18 September 2023

Legislation to give new Circular Economy Strategy teeth

| Ian Bushnell
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two men in front of timber stack

Thor’s Hammer owner Thor Diesendorf and Transport and City Services Minister Chris Steel discuss recycling in front of the stacks at the business’s Fyshwick premises. Photo: Ian Bushnell.

The ACT Government wants to work with industry to expand recycling opportunities under its Circular Economy Strategy and action plan but it is also prepared to wave a stick if businesses won’t get on board.

Transport Canberra and City Services Minister Chris Steel launched the Canberra-first strategy on Monday (28 August) at an ACT recycling success story, bespoke timber supplier and furniture maker Thor’s Hammer in Fyshwick.

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Mr Steel said the focus would be on incentivising industry but the government would use all the levers it had to achieve the strategy’s goals, including legislation to mandate certain requirements, such as food reduction plans.

He said accompanying legislation introduced this week would force food businesses to separate waste, have a recycling collection and send food waste to organic waste recyclers.

“So we’ll be working with local food recyclers to make sure that they’re connected in with those food businesses to take that material,” he said.

Mr Steel said the ACT would also be lobbying the Commonwealth to take national action on product stewardship schemes and ensure manufacturers, retailers, users and disposers share responsibility for reducing the environmental impacts of products.

It is a bugbear of recycling advocates that industrial sectors won’t take responsibility for the products they produce.

Mr Steel said if the Commonwealth did not come to the party, the ACT would take action itself.

“There are currently product stewardship schemes for a range of different products, but there aren’t enough covering things like the emerging waste stream for larger batteries,” he said.

“We’ve also outlined that if the Commonwealth fails to act in some of these areas we may look at establishing our own product stewardship scheme legislation.”

Hume recycling facility

Recycling waste can still be sorted at the destroyed Hume Recycling Facility until June next year. Photo: Claire Fenwicke.

Mr Steel said the government wanted manufacturers to adopt circular economy principles, which for example would be embedded in the planning system to encourage greater recycling in the building and construction industry.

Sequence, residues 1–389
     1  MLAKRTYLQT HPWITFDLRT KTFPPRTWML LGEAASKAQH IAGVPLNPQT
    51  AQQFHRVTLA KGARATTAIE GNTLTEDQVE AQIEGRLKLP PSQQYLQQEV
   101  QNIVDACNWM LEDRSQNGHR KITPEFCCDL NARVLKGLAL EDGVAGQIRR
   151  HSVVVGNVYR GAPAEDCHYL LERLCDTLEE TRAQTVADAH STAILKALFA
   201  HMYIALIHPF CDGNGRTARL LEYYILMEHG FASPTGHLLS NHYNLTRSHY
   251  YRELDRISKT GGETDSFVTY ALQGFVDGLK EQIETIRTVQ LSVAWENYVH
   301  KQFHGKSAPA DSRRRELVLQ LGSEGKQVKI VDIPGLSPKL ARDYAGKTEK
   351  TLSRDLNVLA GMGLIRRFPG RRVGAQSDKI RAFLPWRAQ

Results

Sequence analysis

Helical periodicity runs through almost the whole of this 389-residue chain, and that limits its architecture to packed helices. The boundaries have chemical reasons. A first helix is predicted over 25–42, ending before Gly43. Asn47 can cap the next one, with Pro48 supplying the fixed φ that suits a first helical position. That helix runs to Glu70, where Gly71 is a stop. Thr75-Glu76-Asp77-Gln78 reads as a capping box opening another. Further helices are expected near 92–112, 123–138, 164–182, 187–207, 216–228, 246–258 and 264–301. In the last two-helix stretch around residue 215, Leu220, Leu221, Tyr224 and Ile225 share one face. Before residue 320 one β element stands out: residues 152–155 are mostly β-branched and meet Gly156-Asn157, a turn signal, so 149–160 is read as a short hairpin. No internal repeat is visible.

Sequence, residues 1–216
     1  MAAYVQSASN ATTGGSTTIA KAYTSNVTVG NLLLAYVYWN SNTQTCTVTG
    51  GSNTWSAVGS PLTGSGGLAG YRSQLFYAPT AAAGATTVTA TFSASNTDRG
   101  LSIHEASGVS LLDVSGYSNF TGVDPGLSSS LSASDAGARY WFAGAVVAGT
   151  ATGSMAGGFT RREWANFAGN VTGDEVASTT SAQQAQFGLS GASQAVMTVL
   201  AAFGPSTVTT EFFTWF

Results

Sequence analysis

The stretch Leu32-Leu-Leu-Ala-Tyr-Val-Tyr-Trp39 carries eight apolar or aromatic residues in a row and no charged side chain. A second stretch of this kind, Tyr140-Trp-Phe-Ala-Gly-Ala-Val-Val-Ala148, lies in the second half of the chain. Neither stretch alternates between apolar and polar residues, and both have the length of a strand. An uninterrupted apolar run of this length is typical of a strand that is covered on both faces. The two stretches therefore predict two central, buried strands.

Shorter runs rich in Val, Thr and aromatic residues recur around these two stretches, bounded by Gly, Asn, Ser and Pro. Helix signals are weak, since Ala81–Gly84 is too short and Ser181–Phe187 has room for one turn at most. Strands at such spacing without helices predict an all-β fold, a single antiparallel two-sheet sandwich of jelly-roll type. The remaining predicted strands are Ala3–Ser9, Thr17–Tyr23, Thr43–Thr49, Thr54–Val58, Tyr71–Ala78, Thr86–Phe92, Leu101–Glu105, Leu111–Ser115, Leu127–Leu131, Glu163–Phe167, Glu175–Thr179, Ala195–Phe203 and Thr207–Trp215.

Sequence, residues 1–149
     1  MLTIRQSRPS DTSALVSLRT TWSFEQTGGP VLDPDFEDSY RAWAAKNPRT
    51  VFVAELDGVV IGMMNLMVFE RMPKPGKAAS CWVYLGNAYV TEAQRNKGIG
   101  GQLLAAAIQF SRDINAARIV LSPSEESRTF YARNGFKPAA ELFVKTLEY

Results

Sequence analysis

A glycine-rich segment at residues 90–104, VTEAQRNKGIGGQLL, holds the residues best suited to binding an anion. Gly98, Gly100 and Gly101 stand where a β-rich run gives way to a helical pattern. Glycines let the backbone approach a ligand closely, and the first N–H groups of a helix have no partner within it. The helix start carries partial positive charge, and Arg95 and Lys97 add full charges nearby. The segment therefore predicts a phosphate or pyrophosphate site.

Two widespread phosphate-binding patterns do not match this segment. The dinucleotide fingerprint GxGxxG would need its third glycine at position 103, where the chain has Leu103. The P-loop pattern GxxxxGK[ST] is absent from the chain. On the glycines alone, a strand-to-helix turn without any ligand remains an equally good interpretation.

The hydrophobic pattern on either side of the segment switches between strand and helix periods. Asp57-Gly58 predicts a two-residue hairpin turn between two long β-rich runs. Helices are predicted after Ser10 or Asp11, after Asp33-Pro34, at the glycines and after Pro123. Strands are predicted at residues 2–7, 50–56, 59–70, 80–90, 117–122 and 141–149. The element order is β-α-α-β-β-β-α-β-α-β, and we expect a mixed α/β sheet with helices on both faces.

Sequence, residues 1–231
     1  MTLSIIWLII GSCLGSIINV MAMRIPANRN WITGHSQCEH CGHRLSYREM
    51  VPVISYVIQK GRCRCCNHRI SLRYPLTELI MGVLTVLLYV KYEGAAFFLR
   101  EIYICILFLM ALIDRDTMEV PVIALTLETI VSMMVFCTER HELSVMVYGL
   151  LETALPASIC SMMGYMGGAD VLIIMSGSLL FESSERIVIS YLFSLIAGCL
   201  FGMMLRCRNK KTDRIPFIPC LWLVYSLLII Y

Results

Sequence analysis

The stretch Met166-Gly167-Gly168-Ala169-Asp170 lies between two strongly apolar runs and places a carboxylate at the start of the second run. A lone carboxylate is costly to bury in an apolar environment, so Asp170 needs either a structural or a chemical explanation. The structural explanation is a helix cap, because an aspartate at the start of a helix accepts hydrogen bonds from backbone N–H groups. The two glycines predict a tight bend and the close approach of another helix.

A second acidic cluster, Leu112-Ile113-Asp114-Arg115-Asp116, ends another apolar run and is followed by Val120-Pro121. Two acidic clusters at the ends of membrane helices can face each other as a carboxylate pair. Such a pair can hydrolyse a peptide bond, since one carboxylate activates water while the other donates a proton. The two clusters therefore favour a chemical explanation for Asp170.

The government would also be looking at providing land for new circular economy businesses.

Mr Steel said recycling not only was good for the environment but also for creating jobs.

“More jobs are created when we recycle products than when we reuse products, and it’s estimated that for every 10,000 tonnes of material produced 9.2 jobs are created if we recycle, that material compared to just 2.8 jobs when we send it to landfill,” he said.

Mr Steel said the strategy would also cover the growing amount of new material that was going to landfill, such as battery products, photovoltaic cells and other electronic waste.

“Part of the actions under the plan include how we tackle that new and emerging waste stream, making sure that we’ve got opportunities to recover the valuable materials in that waste, making sure that there are places to drop it off for the community so that it can be safely disposed,” he said.

The strategy identifies six areas of focus – food and garden organics, the built environment, emerging and problematic waste streams, consumer goods, a circular economy innovation precinct and procurement, skills and governance.

This will be backed by a series of individual action plans, which outline specific objectives for government, industry, business and the community.

The government is still grappling with the setback of the Hume Material Recovery Facility (MRF) fire, which has also delayed the establishment of a food and organics composting facility for the ACT.

Mr Steel said it would likely be 2026 before both were in action.

A tender for the new $24 million state-of-the-art MRF was released on 29 August, following a tender for an interim recycling solution so the ACT would not have to keep transporting waste for interstate processing.

The interim solution will need to be in place by June next year when the Hume site, where some sorting is still being done, will close for work to start on the new MRF.

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Thor’s Hammer has been operating for 28 years and has grown into a major operation employing 30 people, doubling its size in the last four years.

Founder and owner Thor Diesendorf said the business recycled more than 1500 tonnes of timber a year.

“Making higher quality products and keeping materials in circulation as long as possible is really important for creating a circular economy,” he said.

Mr Diesendorf said the building industry produced about 40 per cent of Australia’s waste, so there was a lot of room to do more.

“I’m looking forward to seeing an ACT Circular Economy strategy that will give help for innovative businesses and community organisations as well, and also put in place incentives for people and consumers to purchase high-quality products or products that can be easily reusable or recyclable,” he said.

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